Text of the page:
Not only does humility not contradict confidence but possessing humility and being humble is also NOT a weakness. If you consider it to be a weakness or a sign of weakness, then I encourage you not to. The reason is simple: if you consider humility to be a weakness, then you’re missing an opportunity to reach your full potential and enjoy more professional satisfaction.

When you believe that humility is a weakness and therefore do not possess it, you run the risk of branding yourself in a negative fashion, not in a positive one. That’s because you might come across as overconfident at best and cocky at worst. And no matter how much a hiring manager likes confidence in a professional, including one they want to hire, they also dislike cockiness. (Cockiness is a detriment, while confidence is an asset.)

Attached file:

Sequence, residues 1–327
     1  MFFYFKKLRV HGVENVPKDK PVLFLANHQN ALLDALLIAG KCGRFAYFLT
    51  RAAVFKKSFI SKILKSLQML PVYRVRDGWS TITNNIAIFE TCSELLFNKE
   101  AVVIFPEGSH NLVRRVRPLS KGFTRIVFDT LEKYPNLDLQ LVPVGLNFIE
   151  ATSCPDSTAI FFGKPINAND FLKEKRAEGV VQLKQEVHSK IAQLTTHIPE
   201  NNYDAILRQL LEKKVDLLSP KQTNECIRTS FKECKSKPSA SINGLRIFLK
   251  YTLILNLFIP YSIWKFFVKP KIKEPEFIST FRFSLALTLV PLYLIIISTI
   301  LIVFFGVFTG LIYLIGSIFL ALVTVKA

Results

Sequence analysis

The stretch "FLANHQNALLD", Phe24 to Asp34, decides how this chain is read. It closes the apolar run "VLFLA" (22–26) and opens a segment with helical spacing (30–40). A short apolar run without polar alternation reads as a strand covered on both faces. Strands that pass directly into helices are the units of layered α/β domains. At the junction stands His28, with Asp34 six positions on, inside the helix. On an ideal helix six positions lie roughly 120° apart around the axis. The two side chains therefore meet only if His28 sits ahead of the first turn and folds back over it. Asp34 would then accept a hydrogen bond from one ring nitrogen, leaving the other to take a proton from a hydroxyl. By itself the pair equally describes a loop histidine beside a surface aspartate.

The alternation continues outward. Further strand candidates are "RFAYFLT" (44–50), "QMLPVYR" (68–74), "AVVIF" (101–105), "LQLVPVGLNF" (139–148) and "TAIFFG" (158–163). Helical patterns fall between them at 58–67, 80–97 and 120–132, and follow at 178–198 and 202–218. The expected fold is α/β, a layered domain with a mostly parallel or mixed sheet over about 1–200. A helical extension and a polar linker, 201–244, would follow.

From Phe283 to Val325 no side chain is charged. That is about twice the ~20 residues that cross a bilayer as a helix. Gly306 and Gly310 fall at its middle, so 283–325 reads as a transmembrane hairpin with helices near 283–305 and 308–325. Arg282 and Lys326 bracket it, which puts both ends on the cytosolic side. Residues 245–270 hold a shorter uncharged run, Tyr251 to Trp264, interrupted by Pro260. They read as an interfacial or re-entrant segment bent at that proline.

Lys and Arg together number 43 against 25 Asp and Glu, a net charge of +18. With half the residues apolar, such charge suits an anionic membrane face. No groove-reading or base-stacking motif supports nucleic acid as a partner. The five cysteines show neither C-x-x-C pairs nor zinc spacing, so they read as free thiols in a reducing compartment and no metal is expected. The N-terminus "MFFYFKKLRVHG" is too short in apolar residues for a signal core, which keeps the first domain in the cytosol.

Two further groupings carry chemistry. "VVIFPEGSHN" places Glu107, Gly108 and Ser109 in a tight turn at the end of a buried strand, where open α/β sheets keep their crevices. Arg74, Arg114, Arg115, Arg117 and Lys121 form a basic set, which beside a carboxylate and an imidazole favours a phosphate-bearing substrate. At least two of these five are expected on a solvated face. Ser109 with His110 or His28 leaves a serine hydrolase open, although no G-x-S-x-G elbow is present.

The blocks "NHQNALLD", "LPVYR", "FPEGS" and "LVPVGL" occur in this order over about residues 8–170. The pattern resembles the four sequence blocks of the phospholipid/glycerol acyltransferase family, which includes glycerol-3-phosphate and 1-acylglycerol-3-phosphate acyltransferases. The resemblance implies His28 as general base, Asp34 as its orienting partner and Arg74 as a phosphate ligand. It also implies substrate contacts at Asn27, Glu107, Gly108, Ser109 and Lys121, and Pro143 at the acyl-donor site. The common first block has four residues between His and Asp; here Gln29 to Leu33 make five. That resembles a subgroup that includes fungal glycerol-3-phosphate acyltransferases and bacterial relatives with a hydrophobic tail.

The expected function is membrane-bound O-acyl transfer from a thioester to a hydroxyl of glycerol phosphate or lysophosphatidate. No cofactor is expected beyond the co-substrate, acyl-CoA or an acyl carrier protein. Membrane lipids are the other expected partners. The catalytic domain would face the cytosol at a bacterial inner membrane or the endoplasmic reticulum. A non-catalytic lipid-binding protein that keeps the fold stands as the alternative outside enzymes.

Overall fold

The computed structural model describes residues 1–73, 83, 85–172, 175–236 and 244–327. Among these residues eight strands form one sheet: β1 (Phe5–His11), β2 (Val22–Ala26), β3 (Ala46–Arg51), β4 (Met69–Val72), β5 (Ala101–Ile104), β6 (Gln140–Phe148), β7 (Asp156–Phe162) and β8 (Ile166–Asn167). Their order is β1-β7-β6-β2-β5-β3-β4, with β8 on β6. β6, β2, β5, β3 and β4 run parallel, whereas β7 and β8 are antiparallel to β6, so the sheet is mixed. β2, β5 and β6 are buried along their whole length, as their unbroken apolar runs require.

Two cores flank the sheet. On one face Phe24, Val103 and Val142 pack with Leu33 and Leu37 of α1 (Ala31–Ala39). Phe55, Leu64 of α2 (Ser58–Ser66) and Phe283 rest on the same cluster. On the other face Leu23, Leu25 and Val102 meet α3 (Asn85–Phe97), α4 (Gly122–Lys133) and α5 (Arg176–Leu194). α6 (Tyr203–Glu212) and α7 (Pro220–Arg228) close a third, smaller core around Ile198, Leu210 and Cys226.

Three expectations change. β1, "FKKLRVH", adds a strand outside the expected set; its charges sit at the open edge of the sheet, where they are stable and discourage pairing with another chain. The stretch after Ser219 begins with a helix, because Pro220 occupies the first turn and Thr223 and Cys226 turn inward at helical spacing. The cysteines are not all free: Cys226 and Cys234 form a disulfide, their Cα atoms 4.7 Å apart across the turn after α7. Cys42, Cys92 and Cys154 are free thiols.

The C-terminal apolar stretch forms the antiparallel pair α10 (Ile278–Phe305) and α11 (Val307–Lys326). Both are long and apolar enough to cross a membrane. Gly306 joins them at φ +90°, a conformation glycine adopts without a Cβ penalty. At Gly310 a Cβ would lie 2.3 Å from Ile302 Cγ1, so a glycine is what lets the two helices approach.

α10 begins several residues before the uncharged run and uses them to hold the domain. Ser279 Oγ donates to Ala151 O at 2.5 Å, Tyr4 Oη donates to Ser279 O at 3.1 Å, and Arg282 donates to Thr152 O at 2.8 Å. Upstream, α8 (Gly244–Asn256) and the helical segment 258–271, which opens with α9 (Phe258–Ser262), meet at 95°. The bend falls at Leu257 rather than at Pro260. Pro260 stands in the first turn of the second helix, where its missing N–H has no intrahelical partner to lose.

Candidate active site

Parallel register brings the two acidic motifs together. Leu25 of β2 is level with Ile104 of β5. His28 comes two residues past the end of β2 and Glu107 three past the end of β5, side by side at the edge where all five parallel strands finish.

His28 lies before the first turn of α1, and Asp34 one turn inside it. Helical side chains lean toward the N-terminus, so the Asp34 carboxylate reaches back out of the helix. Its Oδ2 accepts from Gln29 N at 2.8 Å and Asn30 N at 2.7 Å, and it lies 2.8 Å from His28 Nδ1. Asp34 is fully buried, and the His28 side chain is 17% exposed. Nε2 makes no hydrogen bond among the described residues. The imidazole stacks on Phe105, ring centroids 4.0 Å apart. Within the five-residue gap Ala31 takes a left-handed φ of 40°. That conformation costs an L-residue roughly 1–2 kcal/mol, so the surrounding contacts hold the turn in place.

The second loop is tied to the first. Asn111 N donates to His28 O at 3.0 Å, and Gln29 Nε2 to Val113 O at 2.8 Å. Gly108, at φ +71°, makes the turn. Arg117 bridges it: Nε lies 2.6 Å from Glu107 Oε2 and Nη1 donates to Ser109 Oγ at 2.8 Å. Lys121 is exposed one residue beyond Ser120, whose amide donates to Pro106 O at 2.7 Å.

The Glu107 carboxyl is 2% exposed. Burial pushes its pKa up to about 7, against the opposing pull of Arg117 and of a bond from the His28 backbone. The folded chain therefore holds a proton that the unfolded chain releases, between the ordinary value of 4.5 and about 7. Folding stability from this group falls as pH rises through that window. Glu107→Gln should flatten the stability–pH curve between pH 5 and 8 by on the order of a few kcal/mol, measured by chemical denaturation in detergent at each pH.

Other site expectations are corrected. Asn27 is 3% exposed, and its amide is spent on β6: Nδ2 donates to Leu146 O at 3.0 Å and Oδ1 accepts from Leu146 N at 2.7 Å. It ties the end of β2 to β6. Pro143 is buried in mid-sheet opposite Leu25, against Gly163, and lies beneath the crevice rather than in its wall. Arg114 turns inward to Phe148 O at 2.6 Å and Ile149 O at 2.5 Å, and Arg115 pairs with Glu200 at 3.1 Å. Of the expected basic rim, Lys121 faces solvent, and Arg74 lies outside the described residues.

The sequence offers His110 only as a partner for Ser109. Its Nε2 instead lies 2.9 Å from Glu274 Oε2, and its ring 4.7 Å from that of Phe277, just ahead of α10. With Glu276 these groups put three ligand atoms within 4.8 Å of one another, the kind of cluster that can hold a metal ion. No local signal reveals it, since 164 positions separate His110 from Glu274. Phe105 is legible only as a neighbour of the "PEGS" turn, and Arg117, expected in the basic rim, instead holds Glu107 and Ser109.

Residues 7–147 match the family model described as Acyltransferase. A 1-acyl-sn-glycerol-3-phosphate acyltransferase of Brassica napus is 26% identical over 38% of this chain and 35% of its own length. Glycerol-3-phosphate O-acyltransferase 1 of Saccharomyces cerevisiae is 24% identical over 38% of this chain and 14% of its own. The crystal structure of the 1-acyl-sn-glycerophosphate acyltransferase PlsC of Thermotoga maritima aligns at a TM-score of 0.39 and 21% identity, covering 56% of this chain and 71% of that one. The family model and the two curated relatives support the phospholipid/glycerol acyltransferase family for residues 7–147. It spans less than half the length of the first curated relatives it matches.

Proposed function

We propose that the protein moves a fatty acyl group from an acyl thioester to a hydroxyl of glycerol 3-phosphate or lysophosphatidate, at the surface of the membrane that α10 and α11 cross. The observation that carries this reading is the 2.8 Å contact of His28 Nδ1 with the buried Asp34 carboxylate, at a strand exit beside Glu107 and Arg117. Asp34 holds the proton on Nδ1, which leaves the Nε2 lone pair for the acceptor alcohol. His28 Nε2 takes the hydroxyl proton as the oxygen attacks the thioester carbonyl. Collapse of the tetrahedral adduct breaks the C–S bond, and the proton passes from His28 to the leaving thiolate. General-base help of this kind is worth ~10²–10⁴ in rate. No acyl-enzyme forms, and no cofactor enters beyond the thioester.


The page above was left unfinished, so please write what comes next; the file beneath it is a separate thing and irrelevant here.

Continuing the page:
However, the benefits of being humble go even beyond that. Below are three reasons why humility is not a weakness in your Animal Health or Veterinary career:

#1—It lends itself to an intellectual curiosity.

The desire to continually learn things stems, at least in part, from curiosity. If you have so much confidence that you believe even on a subconscious level that you don’t need to keep learning, then you will not have the curiosity necessary to keep adding new skills and providing exceptional value as a person and as an employee.

#2—You can learn something from everyone you encounter.